Banged up B's 'look forward to the challenge' vs Tampa team they're chasing

USA TODAY Sports Photo

Banged up B's 'look forward to the challenge' vs Tampa team they're chasing

TAMPA BAY – It certainly might not be the shape they envisioned themselves being in when these late season games arrived against the President’s Trophy favorites in Tampa Bay, but the Bruins are bracing for a showdown with the high-powered Lightning either way. 

The Bruins stand just four points behind the Bolts with one game in hand, and mathematically they absolutely have a shot of catching and surpassing the Lightning for the NHL’s top spot with three games remaining against them in the season’s final month. But realistically it’s got to be considered a long shot at this point with Zdeno Chara, Patrice Bergeron, Charlie McAvoy and Jake DeBrusk all out for Saturday night’s meeting with Tampa, and Bergeron and McAvoy expected to potentially miss all three of their divisional scraps. 

Coming off a 3-0 shutout loss at the hands of the Florida Panthers and at the end of a week-long, four-game road trip, the Bruins know they’re going to need to tighten things up against a Lightning team they can’t match firepower with in their weakened state. 

“I think we’ve done a pretty good job of just playing the game in front of us, and not getting too far ahead, too high or too low. We’ve got the best team in the National Hockey League, arguably, at home and rested [in front of us],” said Bruins head coach Bruce Cassidy. “We look forward to the challenge. They’re a high-scoring team, so we talked about that with our goaltenders and our ‘D’ today. We better be ‘on’ because they’ll be coming. Our forwards are going to have to help out in that area and make sure we’re reloading well, and keep getting pucks at the net. 

“We didn’t finish [against Florida] but it wasn’t because of lack of effort or lack of pucks at the net. That part of our game is trending pretty well offensively. I think you’re going to have score to a certain extent against this team because you’re not going to shut them down completely. That’s our game plan for whoever is going to be in the lineup. They’ve got to be ready for it because that’s how it works, and that’s how it’s worked all year long for us. We need the guys in there to do their part and do it well.”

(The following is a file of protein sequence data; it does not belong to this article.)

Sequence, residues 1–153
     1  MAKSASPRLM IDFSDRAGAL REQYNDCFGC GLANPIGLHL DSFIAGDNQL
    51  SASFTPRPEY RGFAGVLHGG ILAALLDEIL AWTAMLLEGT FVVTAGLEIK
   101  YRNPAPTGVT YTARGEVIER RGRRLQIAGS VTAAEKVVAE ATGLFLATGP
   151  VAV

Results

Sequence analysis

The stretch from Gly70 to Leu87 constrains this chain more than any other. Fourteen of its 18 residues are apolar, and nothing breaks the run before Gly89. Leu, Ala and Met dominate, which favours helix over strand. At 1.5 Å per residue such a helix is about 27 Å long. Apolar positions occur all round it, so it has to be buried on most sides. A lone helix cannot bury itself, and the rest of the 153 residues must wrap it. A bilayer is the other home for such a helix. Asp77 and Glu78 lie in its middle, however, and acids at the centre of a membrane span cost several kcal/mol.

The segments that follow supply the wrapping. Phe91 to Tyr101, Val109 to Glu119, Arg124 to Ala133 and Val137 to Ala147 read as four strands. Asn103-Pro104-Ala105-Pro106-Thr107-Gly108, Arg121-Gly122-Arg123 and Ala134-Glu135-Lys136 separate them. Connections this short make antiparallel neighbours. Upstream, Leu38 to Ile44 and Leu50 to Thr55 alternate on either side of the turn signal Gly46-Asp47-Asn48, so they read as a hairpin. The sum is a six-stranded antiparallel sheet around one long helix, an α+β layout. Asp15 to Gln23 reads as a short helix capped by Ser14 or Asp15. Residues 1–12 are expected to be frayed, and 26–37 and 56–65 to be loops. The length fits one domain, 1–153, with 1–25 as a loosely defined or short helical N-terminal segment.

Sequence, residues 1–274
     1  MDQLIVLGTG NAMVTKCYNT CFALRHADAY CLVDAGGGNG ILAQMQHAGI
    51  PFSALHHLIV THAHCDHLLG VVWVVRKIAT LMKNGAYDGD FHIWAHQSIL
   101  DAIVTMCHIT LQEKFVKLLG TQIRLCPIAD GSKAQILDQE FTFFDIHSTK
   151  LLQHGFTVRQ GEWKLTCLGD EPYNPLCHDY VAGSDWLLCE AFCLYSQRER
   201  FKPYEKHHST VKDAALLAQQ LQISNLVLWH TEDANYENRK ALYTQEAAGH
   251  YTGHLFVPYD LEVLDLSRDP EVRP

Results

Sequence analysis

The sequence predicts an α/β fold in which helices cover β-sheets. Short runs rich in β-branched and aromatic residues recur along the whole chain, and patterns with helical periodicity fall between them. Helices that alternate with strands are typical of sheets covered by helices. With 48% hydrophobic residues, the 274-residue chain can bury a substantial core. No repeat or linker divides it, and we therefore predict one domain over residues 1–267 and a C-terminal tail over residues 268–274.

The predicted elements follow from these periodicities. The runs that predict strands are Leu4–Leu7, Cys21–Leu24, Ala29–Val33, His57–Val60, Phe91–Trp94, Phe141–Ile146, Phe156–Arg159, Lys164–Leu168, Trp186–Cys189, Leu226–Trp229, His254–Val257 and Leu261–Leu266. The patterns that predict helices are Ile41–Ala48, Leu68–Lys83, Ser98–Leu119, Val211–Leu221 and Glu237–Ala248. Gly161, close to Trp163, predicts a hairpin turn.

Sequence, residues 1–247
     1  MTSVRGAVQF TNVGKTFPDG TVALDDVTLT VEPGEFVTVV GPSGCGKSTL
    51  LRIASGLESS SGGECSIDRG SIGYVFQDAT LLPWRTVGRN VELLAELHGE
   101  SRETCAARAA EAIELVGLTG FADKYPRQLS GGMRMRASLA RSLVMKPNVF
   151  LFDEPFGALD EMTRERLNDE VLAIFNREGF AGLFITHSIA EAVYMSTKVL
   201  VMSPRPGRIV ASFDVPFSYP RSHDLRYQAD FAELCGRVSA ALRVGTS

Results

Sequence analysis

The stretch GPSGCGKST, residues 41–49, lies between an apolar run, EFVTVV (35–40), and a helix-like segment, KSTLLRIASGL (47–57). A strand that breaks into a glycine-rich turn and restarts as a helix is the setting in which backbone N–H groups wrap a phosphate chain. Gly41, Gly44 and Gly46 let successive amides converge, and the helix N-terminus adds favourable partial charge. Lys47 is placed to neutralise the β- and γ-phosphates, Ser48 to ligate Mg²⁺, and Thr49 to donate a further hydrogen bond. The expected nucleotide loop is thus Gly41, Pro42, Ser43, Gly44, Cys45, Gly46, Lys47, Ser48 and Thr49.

Certainly the Bruins could still do some offensive damage with Brad Marchand and David Pastrnak still intact on their top line, and David Krejci and Rick Nash also still developing their chemistry on the second line. Torey Krug also came through feeling healthy at practice on Friday after soaking up 26 plus minutes of ice time in the loss to Florida, so they’ll also have some puck-moving and offensive pop on the back end as well.

But it may come down to the Chara-less defense and Tuukka Rask to step up and go into shutdown mode against the Lightning if they’re looking to really push up on the Lightning, and make this a horse race for the Atlantic Division down the stretch. Not to mention, it would be a psychological swing for both teams if the Bruins could take down a rested, relatively healthy Tampa Bay hockey club with their undermanned, injury-ravaged bunch. 

That in and of itself should be plenty of motivation for a Bruins team that’s got their sights and set on bigger and better things this spring with the Lightning expected to be one of the big obstacles standing in their way.


Morning Skate: Tavares or Seguin?

NBC Sports Boston Photo

Morning Skate: Tavares or Seguin?

Here are all the links from around the hockey world, and what I’m reading while jacked and pumped about that Infinity War trailer. Wow. 


*Credit here for something outside the box and clear hockey satire while looking far into the NHL’s crystal ball where the new expansion team is called the Seattle Slippery Seals, and Brad Marchand is the head of the NHLPA. That is quite a twist at the end of the movie right there. 


*The Hockey Central crew debates whether they would want John Tavares or Tyler Seguin as a player to build their team around. Seguin is having a solid year (with the end of his contract coming into view), but I’m going with Tavares all day long. I think he’s more of a competitor and a reliable player along with an equitable level of talent, and that counts for quite a bit in team-building. 


*It’s good to see the PHWA decide to make public the ballots of all NHL Awards starting at the end of this season. It’s something I voted in favor of and already did annually as I think transparency is something we always ask for from those we cover, so it should never be something we shy away from. 


*The Flyers have hit the skids again after pushing themselves into playoff view. This has been such a streak team over the last couple of years. 


*Pro Hockey Talk says that the Montreal Canadiens need to take a long look into the mirror before they move on from this season. I couldn’t agree more. 


*For something completely different: I feel badly for my kids that Toys R us is liquidating as a company, and the stores will be closing. It’s getting to the point where there will be no more brick and mortar toy stores for kids to visit, and that’s something from my youth experience that they’re going to miss out on. Frankly, it’s kind of sad.